« We know (probably not enough) the links – already anticipated by Arab thinkers of the past – between sexual misery and violence. The September 11’s terrorists spent the last hours of their lives watching pornographic movies. The attacks committed in Cologne on New Year’s Eve (partly by Moroccans posing as Syrian political refugees) as well as the gang rapes on Tahrir Square in Egypt, to name but a few high-profile cases, should have alerted us to the gravity and recurrence of these attacks. More than ever, the issue of women is the touchstone of politics, a clear indication of democratization or regression. From the 20th century, the only irreversible revolution to be remembered is that of women. And what is at stake through them in the lands of Islam is not only half of the population, but all those who remain silent but do not recognize themselves in the hegemony and macho values, in the narcissistic cult of domination, in the small wars and permanent probations of the « supermales », in their contempt for the feminine, and the power relations that they instill continuously. Like all populists today (French extreme-right, Greek or Hungarian right-wing extremists, Trump and Putin’s supporters, Serbian or Chechen fascists, etc.), Islamists of all tendencies associate identity and morality rather than identity and culture. By making women’s status their hobbyhorse, they speculate on the piety of the masses, ignorance, the weakness of men who are bludgeoned by their leaders here, disoriented further, no longer assert their virility except through patriarchal schemes, emphatic and absurd imageries, a negative self-representation by which they define themselves not in an affirmative and serene manner but essentially against the other: the West as a whole, ‘’minorities’’, women above all – belittled and diminished on principle, stigmatized as soon as they are unveiled, weakened to the extreme barely past the threshold of their house. You will not hear these wrongdoers denounce neoliberalism’s violence (to which they adhere) or the gap between social classes. Nor will you hear them mention the great masters of Islamic spirituality: those who, like Ghazali or Ibn’Arabi, rank at the lowest level of belief « the Islam of the body »: an Islam that shows itself again and again with its outward signs of piety, and that ignores inner experience or work on oneself. On the other hand, as Ismael Zniber puts it well, they are masters in the judgment of others and the obsessive accounting of sins. Being essentially attached to the question of pleasure, women’s cause also raises massive contradictions for men from which they must emancipate themselves. To mention only one of them, how can we literally present sexual pleasure as the foretaste of paradise, the acme of earthly and heavenly bliss, and at the same time veil the woman, prohibit her, disparage her? Exalt with one hand and inhibit with the other?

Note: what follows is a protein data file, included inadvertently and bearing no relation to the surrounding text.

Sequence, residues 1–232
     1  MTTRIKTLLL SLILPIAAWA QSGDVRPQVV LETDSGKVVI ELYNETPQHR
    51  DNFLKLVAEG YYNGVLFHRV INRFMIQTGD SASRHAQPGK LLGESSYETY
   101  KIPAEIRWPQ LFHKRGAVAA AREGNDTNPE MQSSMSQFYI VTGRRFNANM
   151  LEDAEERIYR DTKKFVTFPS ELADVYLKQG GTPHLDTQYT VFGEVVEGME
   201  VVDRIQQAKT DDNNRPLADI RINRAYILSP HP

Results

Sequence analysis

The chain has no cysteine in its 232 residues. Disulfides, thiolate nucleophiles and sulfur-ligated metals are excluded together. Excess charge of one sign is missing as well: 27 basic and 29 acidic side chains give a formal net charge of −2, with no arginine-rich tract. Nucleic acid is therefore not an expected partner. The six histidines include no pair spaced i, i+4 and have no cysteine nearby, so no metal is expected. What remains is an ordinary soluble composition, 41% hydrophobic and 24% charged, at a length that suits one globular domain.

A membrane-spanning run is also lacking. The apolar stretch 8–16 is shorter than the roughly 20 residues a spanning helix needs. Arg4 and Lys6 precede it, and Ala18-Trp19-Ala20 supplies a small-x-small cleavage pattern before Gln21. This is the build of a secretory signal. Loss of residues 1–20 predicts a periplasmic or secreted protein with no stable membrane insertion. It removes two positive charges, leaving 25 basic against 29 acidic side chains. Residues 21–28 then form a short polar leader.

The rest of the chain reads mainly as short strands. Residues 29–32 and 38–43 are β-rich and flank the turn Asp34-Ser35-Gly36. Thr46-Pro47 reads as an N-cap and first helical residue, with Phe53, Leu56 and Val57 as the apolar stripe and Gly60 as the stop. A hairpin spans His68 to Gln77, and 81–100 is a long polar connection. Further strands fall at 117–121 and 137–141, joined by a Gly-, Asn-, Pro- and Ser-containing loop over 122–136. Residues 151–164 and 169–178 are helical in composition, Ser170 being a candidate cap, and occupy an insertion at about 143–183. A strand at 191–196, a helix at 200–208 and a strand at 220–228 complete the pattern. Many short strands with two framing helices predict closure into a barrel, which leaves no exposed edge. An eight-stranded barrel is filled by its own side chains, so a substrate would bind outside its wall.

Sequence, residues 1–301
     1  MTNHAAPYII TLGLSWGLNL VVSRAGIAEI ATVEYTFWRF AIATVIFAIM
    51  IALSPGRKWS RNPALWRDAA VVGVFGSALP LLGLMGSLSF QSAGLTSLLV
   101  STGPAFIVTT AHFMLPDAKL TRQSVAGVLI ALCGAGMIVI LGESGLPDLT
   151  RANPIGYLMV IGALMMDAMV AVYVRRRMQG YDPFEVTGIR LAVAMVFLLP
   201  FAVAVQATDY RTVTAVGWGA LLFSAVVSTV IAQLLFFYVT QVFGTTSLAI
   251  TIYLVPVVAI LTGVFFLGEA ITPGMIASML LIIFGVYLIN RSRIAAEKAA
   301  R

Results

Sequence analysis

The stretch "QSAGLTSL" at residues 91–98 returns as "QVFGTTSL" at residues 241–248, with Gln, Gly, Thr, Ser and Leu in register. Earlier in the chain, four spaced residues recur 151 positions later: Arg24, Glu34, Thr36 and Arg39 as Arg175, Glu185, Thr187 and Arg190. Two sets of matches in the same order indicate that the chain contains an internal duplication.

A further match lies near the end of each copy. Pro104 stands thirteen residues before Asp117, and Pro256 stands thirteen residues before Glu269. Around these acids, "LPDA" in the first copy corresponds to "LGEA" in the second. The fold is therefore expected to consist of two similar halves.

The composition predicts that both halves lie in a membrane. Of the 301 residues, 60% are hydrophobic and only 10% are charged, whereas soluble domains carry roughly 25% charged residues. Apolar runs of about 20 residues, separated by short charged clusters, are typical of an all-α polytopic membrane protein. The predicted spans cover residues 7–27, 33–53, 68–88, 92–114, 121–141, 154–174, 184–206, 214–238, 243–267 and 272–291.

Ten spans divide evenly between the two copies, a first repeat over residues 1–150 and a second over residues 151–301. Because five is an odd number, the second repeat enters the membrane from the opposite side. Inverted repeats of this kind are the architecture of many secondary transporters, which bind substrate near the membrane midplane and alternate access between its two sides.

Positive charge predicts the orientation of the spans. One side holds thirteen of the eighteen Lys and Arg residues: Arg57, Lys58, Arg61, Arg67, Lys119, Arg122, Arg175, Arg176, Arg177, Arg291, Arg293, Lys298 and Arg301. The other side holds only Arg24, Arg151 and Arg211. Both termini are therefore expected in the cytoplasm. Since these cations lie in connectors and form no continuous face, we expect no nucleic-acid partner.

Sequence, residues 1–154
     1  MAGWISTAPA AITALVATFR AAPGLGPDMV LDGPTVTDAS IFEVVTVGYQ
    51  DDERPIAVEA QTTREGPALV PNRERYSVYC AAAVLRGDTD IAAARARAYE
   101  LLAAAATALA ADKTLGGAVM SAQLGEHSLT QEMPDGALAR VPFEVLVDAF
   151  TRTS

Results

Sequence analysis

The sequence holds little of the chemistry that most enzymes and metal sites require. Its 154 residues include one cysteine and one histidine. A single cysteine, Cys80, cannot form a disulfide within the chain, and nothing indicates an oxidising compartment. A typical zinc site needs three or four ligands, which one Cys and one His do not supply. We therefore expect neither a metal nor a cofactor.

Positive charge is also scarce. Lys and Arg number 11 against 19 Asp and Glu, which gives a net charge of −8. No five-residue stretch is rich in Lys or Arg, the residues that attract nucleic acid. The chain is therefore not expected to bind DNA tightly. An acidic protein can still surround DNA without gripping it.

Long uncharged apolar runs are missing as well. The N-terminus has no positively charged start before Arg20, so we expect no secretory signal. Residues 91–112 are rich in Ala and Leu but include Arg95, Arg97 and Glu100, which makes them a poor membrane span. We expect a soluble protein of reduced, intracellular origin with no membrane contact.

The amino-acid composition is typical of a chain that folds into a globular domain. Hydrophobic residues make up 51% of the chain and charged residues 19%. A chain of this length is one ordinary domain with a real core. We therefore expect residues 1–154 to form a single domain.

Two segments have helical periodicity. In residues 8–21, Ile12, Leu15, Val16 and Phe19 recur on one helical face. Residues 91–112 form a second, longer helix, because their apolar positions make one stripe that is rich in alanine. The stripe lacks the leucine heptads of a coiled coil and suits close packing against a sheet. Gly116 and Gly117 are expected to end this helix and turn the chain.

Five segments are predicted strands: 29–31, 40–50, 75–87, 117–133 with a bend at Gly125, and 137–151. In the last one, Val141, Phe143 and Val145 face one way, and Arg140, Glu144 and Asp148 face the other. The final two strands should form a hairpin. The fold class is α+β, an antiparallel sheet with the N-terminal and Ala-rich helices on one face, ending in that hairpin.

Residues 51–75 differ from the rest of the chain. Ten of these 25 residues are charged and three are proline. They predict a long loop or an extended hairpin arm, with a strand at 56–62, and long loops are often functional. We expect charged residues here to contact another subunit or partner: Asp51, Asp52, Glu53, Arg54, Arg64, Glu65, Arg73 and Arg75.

Machismo exists everywhere, but it does not have the same scope, sources or laws everywhere. We must start by asking the question in the various Muslim countries and reflect on their common point: political despotism. During the round table Gender relations based on imaginations and values at the Averroes Meetings, the differences between Muslims themselves were well perceived. On the veil, the views of the Turkish, Moroccan and Algerian speakers were not at all identical. The veil is a joker, we give it the meaning we want; it is also what explains its perpetuation. In France, the veil has an identity connotation: if you explain it to an Afghan woman who is fighting the burqa and has problems educating her daughter, or to a Pakistani woman who sees an increase in feminicide or honour killings, they look at you as if you were coming from Mars…

Women are the key: it is easier to act positively, to rely on a desire for freedom than to coerce such an entrenched gender. If women are emancipated, they open the house to the world, and no longer need to push and revirilize their sons. And men must no longer be seen as masters at all costs. If we are going in the direction of women’s freedom, we progress in general emancipation. For the ordinary man does not only belittle women; to assert himself, he belittles everything that is not him and that he considers « effeminate ». From the moment we educate people in a non-despotic way, we end the logic according to which man must regain his virility at home because he is oppressed outside. If we give space to the masculine, we bring it to citizenship, to a civic responsibility. And everyone breathes. But Islamists are very politically skilled: they do not only teach online and in their mosques, they take charge of people, they give them psychological and material security, and they go everywhere. The only political projects of these populists are the subjugation of women and jihad. «